The single-payer health insurance proposal known widely as Medicare for All (M4A) cannot be enacted without first answering certain questions. Foremost among these is whether the public would support shifting more than $32 trillion in M4A’s first 10 years from private health spending, over which consumers retain some discretion, to federal health spending, over which consumers do not. A related open question is whether the federal government can adequately finance this amount of spending without triggering significant adverse economic effects. Other unanswered questions include M4A’s effects on health providers, the prescription drug market, and private health insurance. M4A would add further to national health cost growth unless provider reimbursements are cut more sharply than lawmakers have been willing to do historically. Yet the consequences of enacting such payment cuts simultaneously with a substantial increase in health service demand are unpredictable.
One aspect of CMS’ price transparency initiative has received a great deal of attention recently. Our updated guidelines now require hospitals to post a list of their current “standard charges” on the internet in a machine-readable format — meaning the data can not only be read electronically but can also be imported or read into other databases. Previously, CMS required hospitals to make their standard charges available in response to an inquiry, but too often this meant making the information available only in print or a PDF that couldn’t be aggregated with other data and that wasn’t broadly available.
Expert witness Grace-Marie Turner of the Galen Institute said policies like the new Section 1332 guidelines aren’t meant to drive a stake into the Affordable Care Act, but rather give more discretion to states to tailor health care needs specifically for their own citizens. “Cost relief” is the driving force behind state discretion, Turner said.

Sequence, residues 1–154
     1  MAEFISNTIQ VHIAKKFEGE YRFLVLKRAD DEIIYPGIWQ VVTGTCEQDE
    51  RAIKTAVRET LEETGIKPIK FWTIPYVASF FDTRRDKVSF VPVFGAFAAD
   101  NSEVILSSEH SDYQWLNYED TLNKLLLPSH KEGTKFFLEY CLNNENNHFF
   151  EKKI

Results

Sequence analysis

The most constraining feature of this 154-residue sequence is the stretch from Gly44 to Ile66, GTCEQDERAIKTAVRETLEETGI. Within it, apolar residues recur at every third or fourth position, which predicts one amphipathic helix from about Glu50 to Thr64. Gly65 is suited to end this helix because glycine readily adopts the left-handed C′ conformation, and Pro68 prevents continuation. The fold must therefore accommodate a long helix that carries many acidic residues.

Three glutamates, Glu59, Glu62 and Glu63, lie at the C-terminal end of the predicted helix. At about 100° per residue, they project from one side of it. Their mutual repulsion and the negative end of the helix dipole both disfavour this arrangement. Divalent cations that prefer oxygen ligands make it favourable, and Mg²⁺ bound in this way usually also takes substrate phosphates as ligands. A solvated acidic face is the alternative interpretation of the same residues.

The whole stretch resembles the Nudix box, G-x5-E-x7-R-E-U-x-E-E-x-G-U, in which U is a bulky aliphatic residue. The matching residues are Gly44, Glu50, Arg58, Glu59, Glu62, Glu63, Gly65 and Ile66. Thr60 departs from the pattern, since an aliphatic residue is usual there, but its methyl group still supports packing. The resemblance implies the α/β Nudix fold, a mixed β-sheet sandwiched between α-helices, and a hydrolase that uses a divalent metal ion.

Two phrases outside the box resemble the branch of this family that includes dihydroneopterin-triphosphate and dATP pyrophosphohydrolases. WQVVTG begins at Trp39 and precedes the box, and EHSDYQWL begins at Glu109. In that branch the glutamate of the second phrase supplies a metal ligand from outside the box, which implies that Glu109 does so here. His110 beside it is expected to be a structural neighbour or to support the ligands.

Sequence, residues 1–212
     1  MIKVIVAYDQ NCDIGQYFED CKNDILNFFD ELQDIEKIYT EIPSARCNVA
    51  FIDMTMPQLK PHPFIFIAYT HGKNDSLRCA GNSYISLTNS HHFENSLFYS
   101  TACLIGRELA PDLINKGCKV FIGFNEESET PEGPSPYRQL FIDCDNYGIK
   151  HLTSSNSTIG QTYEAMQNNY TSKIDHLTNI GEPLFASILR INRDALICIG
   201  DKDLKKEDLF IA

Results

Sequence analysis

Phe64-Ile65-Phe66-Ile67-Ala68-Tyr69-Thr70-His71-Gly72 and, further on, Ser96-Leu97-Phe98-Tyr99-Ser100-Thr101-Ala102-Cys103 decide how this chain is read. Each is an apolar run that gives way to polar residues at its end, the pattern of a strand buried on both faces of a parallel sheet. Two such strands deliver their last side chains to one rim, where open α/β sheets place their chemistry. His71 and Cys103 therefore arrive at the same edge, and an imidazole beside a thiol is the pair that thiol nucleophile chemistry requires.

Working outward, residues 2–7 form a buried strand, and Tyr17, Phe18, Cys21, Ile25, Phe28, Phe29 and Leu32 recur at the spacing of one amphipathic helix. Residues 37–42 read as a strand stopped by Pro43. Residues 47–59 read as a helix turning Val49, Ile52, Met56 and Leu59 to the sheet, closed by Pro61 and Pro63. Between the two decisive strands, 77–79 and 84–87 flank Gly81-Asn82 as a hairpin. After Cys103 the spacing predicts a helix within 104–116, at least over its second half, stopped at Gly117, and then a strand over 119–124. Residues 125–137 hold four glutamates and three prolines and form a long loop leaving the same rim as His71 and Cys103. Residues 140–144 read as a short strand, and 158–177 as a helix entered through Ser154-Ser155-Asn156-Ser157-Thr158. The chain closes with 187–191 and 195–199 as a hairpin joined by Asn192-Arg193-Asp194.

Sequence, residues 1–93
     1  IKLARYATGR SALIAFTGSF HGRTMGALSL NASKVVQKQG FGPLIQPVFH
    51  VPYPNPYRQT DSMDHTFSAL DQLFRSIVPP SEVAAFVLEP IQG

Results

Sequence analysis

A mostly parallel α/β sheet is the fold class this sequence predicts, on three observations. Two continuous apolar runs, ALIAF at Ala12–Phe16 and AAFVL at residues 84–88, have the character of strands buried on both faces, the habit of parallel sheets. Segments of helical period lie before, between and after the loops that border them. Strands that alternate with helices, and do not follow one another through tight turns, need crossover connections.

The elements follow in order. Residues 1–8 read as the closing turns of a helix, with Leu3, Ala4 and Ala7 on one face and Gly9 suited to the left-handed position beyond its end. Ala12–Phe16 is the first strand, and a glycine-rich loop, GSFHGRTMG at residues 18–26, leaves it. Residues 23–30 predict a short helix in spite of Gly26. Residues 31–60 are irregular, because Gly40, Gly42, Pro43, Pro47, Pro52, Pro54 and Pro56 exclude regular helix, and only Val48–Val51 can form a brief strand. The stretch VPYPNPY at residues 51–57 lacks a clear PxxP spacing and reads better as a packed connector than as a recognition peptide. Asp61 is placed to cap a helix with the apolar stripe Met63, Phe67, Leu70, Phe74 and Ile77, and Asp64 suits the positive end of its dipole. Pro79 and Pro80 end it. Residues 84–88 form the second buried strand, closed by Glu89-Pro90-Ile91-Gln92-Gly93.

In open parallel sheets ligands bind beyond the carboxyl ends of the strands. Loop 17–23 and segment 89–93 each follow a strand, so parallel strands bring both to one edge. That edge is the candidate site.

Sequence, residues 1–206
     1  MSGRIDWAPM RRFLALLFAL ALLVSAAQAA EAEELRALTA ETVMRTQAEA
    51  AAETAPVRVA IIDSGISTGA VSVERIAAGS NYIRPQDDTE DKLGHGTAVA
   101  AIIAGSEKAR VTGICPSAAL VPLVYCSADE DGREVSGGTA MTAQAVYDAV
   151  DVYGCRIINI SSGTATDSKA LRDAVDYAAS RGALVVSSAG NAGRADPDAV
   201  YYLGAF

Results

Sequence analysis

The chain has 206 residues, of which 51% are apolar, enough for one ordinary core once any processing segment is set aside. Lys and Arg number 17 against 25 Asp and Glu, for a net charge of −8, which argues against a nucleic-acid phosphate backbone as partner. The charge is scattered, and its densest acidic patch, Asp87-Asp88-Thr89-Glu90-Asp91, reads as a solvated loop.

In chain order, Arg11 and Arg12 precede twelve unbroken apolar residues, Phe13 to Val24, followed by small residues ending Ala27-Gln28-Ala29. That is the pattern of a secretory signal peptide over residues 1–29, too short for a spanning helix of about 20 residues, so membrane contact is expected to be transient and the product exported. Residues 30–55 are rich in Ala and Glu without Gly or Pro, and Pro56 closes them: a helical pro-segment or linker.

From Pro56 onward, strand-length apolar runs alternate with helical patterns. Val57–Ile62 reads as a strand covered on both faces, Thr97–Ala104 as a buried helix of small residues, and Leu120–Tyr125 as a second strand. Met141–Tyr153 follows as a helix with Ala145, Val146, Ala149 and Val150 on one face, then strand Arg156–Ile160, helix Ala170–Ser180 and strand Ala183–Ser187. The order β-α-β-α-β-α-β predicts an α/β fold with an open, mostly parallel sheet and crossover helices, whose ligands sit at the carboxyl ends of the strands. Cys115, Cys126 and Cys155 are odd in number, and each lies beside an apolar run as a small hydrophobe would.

GOP lawmakers balk at the rising costs of Obamacare premiums for constituents who fall into middle-range tax brackets. And putting healthy people in the pool with the chronically ill, some say, just adds to the premium hike.
CNN and NBC exit polling last November showed a huge Democratic advantage on health care. But socialized medicine wasn’t on the ballot.
As for 2020, Democrats know people don’t want socialized medicine, so they have been calling it “Medicare for All” even though the prototype legislation ends Medicare along with private insurance. Consumers may be starting to figure this out.
Optum Rx, one of America’s largest pharmacy benefit managers (PBMs) sent a letter to drug companies outlining several demands the companies must meet if they seek to lower list prices for their medicines. This would put another obstacles in the path of lowering drug prices.
The letter was sent to several drug manufacturers. In it, Optum demanded a couple of things: 1) at least seven quarters notice before a company reduces its list prices, and 2) equivalent rebates off of lowered prices as compared to existing prices. The message is unclear whether Optum wants rebates to stay the same or the same percentage of a price. But either way, drug companies are unhappy with the letter, since many companies are looking to lower list prices for certain drugs. Additionally the letter was high handed and Optum seems like it is attempting to dictate the terms of various projects.